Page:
It was built on a lie. A fraudulent claim of riches and gold in the mountains above Death valley. Scotty’s Castle became a peculiar and popular site for tourists.
But it now faces real challenges and an expensive fix.
“Don’t you really want to be at Yosemite? No!” jokes National Park Service tour guide Abby Wines.
She has spent 12 years telling the world a lie. Not hers, but ones crafted by con man Walter Scott in the 1920’s.
“I love the story of Scotty’s Castle. That a rich man got conned by a western adventurer into believing there was a gold mine here.”
That rich man was Walter Johnson who poured $2 million into the ornate desert oasis thinking gold was underground.
“When he found out there wasn’t a gold mine here, which included a gunfight and Scotty’s brother getting shot, he became Scotty’s best friend and that’s just strange,” Wines said.
In truth, it’s not really a castle.
But considering how Scotty’s castle was built, one hoax merely blends in with all the rest.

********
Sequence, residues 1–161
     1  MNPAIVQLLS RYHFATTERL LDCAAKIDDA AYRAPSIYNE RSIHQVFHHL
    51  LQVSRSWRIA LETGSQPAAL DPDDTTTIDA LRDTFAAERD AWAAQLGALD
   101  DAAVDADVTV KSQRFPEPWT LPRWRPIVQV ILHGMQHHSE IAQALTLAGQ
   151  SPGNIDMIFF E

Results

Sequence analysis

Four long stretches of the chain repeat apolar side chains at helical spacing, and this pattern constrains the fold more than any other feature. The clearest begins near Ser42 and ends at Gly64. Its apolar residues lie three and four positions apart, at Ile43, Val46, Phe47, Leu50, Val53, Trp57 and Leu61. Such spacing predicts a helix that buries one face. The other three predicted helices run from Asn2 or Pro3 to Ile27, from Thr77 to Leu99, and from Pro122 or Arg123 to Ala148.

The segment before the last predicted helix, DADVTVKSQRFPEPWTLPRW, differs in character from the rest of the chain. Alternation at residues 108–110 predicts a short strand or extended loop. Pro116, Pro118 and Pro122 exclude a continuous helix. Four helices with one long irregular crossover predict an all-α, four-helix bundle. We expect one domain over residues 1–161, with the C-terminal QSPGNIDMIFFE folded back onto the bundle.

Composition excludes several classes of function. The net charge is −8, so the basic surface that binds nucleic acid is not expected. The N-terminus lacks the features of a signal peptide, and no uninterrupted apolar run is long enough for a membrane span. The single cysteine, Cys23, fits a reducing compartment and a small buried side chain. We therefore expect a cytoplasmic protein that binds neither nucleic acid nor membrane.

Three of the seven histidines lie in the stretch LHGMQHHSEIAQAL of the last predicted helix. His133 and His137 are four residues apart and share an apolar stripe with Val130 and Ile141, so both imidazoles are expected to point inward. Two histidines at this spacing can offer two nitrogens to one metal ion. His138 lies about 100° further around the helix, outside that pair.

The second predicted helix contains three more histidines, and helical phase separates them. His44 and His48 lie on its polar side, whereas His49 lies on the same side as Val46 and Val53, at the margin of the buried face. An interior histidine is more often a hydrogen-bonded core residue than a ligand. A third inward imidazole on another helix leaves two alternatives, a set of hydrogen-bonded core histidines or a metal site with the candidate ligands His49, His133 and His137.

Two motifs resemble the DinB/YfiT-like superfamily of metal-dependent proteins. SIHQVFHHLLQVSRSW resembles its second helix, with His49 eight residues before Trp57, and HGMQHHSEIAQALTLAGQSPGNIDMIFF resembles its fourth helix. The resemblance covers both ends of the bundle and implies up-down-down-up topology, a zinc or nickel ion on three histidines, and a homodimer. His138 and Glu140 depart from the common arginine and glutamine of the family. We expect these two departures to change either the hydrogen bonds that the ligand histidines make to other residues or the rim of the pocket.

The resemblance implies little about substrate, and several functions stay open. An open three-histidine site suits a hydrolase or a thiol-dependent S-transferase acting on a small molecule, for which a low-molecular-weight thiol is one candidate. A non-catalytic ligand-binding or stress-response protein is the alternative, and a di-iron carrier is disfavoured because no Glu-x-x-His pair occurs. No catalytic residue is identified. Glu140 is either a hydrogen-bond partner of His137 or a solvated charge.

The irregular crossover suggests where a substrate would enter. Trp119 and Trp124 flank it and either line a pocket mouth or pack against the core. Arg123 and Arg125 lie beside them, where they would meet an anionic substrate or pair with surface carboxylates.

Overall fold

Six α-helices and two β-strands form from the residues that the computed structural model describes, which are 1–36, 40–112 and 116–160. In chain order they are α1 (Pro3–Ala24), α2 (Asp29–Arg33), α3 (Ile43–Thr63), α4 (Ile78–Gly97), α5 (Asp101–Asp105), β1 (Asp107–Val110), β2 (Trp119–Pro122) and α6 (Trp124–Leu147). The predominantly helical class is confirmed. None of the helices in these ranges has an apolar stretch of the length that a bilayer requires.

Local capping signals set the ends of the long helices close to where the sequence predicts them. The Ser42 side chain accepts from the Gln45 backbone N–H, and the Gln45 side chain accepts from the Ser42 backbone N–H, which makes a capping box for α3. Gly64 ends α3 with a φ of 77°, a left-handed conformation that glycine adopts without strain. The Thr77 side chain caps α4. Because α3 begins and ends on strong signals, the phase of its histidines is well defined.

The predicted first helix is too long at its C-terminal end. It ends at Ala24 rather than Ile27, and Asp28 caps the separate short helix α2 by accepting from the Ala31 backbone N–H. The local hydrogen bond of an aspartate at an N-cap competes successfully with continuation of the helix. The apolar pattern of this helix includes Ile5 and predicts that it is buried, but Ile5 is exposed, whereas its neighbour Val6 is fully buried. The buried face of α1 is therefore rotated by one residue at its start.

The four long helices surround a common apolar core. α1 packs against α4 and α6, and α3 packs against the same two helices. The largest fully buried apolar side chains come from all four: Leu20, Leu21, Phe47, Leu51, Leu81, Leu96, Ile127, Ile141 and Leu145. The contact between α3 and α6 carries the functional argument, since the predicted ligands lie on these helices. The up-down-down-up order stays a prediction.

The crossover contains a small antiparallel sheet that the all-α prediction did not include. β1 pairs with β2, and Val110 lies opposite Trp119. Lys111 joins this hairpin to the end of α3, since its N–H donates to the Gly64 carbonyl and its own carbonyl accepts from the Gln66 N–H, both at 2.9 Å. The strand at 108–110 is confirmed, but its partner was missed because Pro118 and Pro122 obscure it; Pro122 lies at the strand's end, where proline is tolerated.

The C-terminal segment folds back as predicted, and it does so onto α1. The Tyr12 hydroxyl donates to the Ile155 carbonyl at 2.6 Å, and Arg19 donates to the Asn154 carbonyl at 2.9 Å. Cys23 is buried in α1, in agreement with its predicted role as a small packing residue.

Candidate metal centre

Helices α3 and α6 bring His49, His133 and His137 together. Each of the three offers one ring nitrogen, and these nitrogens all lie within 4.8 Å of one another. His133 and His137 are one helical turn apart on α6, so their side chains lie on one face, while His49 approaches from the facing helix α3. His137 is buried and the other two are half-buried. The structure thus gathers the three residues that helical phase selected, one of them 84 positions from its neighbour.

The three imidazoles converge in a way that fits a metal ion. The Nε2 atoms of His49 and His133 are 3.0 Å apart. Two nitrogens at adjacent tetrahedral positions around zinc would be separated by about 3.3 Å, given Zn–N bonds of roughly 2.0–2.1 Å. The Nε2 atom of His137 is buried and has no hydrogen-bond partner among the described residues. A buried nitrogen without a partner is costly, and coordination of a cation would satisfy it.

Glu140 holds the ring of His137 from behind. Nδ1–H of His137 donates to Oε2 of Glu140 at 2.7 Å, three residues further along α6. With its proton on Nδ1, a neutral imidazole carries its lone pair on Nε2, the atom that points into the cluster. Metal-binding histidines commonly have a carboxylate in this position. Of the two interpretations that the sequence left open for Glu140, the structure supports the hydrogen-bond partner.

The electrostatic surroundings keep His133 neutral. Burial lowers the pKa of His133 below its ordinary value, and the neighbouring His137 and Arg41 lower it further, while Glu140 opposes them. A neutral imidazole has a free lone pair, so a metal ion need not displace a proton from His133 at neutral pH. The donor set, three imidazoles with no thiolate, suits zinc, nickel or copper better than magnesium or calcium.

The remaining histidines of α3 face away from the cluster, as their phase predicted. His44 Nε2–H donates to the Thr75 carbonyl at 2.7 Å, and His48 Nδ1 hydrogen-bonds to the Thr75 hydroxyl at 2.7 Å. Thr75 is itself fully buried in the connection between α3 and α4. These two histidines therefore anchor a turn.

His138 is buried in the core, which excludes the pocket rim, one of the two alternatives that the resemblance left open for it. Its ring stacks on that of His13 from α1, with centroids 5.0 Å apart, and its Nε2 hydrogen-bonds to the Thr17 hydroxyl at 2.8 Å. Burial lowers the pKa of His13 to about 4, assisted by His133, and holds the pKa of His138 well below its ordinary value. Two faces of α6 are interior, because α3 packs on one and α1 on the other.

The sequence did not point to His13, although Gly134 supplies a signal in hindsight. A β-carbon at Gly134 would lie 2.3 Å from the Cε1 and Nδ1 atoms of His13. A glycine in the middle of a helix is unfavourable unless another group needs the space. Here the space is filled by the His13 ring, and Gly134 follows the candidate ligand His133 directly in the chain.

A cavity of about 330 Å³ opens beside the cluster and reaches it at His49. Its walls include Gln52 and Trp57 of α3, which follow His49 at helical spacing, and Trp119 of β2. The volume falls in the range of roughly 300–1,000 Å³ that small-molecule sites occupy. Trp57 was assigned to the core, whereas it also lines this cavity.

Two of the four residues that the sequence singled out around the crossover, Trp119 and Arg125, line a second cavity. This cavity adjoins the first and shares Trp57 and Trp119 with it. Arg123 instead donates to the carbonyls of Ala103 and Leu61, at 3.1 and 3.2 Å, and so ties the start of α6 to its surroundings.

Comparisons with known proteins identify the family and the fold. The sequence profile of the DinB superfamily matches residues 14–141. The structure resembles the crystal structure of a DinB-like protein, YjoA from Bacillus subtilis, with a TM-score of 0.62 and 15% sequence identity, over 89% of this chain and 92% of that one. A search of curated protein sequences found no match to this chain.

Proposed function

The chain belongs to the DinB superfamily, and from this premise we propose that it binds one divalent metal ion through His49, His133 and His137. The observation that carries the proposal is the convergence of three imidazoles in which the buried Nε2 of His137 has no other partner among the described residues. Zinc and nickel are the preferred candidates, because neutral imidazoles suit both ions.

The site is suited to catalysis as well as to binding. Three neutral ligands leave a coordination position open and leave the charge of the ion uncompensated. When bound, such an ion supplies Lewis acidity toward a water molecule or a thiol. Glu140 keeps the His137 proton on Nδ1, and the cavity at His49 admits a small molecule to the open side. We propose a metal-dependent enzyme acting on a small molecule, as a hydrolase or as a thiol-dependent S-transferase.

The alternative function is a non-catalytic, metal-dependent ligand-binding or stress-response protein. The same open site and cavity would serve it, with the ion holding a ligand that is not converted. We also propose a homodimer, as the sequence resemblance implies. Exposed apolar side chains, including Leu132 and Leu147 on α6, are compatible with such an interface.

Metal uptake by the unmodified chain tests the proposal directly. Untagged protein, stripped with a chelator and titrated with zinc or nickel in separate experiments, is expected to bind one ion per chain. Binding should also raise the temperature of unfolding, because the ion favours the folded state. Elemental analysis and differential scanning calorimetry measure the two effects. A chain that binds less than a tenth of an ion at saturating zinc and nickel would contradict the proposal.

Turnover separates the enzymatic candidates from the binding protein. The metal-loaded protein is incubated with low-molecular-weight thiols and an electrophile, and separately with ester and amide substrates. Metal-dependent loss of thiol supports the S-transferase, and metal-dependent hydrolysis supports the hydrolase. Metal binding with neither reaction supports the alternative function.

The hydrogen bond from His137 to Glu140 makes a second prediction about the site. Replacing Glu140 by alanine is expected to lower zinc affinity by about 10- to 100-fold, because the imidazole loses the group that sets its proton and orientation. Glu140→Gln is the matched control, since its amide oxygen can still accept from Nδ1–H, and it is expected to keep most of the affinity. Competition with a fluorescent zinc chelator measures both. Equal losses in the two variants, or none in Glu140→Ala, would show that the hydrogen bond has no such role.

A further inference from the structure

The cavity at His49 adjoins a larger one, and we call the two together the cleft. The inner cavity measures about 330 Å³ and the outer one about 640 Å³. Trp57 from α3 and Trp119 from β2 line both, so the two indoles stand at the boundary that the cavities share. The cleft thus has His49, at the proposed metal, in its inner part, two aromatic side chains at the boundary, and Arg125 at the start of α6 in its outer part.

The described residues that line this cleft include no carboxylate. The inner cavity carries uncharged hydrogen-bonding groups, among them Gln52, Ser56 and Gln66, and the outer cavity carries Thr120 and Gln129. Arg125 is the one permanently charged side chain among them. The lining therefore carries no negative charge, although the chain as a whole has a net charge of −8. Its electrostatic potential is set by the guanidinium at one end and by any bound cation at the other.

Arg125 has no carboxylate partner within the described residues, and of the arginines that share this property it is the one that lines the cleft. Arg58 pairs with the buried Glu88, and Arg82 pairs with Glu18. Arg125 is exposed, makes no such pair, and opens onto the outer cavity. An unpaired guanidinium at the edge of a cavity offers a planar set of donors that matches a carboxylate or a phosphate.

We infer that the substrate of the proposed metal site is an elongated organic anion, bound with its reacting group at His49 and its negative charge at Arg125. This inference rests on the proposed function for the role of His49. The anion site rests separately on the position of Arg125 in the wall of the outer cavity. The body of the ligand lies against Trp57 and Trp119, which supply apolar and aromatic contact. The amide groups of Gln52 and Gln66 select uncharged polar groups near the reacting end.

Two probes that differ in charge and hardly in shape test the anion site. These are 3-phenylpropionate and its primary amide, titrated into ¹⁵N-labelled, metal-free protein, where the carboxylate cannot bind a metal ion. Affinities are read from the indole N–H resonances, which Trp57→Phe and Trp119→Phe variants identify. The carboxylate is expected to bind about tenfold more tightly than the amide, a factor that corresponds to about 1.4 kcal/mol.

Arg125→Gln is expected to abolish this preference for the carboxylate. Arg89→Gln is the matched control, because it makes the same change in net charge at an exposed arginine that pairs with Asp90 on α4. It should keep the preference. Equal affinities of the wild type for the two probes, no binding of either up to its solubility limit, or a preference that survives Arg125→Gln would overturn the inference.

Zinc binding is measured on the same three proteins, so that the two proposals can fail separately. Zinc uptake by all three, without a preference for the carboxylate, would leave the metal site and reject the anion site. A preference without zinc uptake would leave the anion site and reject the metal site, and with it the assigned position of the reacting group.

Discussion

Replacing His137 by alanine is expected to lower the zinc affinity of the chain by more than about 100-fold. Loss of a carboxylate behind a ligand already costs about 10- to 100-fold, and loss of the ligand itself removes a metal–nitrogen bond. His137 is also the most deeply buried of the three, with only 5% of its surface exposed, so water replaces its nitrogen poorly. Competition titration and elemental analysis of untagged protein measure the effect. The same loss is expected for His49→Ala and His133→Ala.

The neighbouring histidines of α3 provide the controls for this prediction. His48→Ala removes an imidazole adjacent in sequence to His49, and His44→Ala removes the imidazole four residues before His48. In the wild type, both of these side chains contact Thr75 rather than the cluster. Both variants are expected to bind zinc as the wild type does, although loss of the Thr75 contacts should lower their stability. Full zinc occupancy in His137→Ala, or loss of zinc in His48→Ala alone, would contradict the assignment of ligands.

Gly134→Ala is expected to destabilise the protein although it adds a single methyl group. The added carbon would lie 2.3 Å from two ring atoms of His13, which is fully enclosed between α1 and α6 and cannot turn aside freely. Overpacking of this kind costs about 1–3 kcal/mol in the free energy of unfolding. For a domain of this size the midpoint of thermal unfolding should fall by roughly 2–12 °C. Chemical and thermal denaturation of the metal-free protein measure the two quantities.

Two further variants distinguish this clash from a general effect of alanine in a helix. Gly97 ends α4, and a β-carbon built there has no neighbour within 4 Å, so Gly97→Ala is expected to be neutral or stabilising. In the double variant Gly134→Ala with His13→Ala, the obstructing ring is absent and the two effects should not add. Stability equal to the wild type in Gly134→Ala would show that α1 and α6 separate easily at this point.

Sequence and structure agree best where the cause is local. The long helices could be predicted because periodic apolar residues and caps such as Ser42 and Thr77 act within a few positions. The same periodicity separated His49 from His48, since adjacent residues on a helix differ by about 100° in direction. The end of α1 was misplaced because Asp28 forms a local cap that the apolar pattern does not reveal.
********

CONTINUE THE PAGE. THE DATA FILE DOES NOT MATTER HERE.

“There were leather curtains on the side that Scotty said were mules that had been skinned when they misbehaved,” Wines said.
And looking at the beauty left behind, perhaps it was worth it.
“Suddenly you came around the corner and there’s this magnificent place,” said David Blacker, Death Valley History Association.
The association helps protect the park’s history, usually from age. In this case, it was rain.
“A lot of us are calling it a 1,000 year flood,” Blacker said.
The storm came in Oct. 2015. Three inches of rain fell in five hours. The road was torn apart. Electric and water lines were washed away. And left behind, endless piles of mud.
“I love this place,” Wines said. “Ten years of my life taking care of this and sharing this wonderful story with others. It was hard to see the destruction.”
Fixing up Scotty’s castle will cost about $48 million. That’s a lot of money, but the park service says it’s worth it.This is the reason people started coming to Death Valley, in the first place.
“It’s probably going to take about a year-and-a-half of work to restore the castle,” Wines said.
Unlike the castle’s creation, this tale is very real and fixing everything will take time but those involved say it’s necessary.
“It would minimize Death Valley to not have Scotty’s Castle,” Blacker said.
The park service is asking for public input on restoration plans right now. It says the castle may not reopen until 2020.